I got to the front and hit the cobbles tenth wheel, feeling really positive, and 500 metres later my derallieur broke off and snapped into my back wheel. That was the end of my day. I had no bikes left. I had two bikes and they were both broken.

Annemiek van Vleuten (Bigla)

Following a strong showing two days earlier at Drentse 8, Annemiek van Vleuten had high hopes for Ronde van Drenthe. Unfortunately, it was a tough showing for her Bigla team. Ashleigh Moolman Paiso was involved in an early crash and spent much of the day chasing. Shelley Olds and Lotta Lepistö were involved in a pile-up on the cobbles. When the selective split was made on the VAMberg, van Vleuten was the only Bigla rider to make the move – and she lacked the legs to make an impact.

I was in a group of seven after the VAMberg, and that was a really good group for me because there was only one girl from each of the teams. It was Emma Johansson (Orica-AIS), Lizzie Armitstead (Boels-Dolmans), Lisa Brennauer (Velocio-SRAM)…

Then it came altogether, and there were more girls. It was harder at that point because there were teams with more numbers. I looked around and knew it would be hard for me to do something. You hope that maybe a teammate comes back also, so you have more riders. You have to play with the numbers, especially when you don’t feel that strong like me today. That’s when you need your teammates even more.

When the attacks were going, I had to decide who to follow and who to not. It was hard. I was only one, so I couldn’t follow everything.

Iris [Slappendel] came back in the last three kilometres, and she was on the other side of the road. We had a miscommunication. She thought some people were off the front. If she had known the true situation, maybe she could have attacked. It was sad that she did not hear that.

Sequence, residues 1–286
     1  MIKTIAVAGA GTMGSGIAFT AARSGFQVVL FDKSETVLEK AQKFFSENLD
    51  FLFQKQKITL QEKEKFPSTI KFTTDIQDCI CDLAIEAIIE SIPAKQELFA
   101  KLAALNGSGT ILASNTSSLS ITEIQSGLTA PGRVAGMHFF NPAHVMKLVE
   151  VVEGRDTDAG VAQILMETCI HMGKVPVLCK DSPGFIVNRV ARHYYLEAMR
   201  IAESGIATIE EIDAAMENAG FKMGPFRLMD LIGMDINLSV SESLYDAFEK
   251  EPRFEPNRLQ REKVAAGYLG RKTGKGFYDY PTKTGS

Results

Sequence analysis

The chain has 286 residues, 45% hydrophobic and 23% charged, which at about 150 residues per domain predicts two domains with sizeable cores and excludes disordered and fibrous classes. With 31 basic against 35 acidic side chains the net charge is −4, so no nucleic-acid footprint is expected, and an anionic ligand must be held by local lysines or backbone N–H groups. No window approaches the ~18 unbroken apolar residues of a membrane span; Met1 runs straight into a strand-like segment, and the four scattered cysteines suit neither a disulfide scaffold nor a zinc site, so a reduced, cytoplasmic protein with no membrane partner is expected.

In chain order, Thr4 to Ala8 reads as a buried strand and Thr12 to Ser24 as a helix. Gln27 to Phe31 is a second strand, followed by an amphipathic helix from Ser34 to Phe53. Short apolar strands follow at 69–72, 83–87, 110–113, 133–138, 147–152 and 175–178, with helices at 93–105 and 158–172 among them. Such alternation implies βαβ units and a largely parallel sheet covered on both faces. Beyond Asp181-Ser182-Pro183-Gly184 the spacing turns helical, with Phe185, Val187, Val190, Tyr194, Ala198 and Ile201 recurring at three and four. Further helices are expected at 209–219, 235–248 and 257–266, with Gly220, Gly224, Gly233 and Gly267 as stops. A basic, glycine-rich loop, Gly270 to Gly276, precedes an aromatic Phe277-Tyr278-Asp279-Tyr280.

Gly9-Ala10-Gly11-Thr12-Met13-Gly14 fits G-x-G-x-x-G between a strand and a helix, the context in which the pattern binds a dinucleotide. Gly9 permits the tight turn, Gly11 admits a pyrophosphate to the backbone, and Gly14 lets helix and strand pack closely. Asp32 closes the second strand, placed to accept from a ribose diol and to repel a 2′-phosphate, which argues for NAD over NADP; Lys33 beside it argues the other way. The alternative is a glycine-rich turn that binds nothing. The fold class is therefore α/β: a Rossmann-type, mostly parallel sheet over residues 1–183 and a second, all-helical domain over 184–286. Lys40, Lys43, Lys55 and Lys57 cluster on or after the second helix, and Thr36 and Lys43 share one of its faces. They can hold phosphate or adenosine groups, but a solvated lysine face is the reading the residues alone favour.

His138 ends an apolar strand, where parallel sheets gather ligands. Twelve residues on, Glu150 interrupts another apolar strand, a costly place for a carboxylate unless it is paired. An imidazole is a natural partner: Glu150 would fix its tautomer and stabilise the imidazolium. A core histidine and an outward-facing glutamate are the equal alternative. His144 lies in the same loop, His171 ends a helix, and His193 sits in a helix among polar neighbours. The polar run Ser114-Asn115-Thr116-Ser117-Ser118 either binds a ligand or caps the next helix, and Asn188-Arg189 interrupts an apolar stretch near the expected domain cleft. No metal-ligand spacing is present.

I had to find my own way in the sprint. I tried, but when you don’t have the super legs, and you’re alone and you have to position yourself, it’s hard. With all the people coming back in the last three kilometres, it was even harder. I was not in a good position in the second to last corner. I was closed in.

It’s really good for women’s cycling to see that a team like Wiggle Honda is also strong and will take responsibility in a big race when it comes to close down a gap. It makes our sport more interesting when we have more strong teams. Last year there were only one or two teams that were really strong at each part of the year.

It’s different now – there is Boels, Rabo, Wiggle. I think my team can also win if we don’t have bad luck. We’ve taken responsibility at Strade Bianche and Het Nieuwsblad to go for the victory. I think that’s a good thing. I like it how it’s now working out in women’s cycling.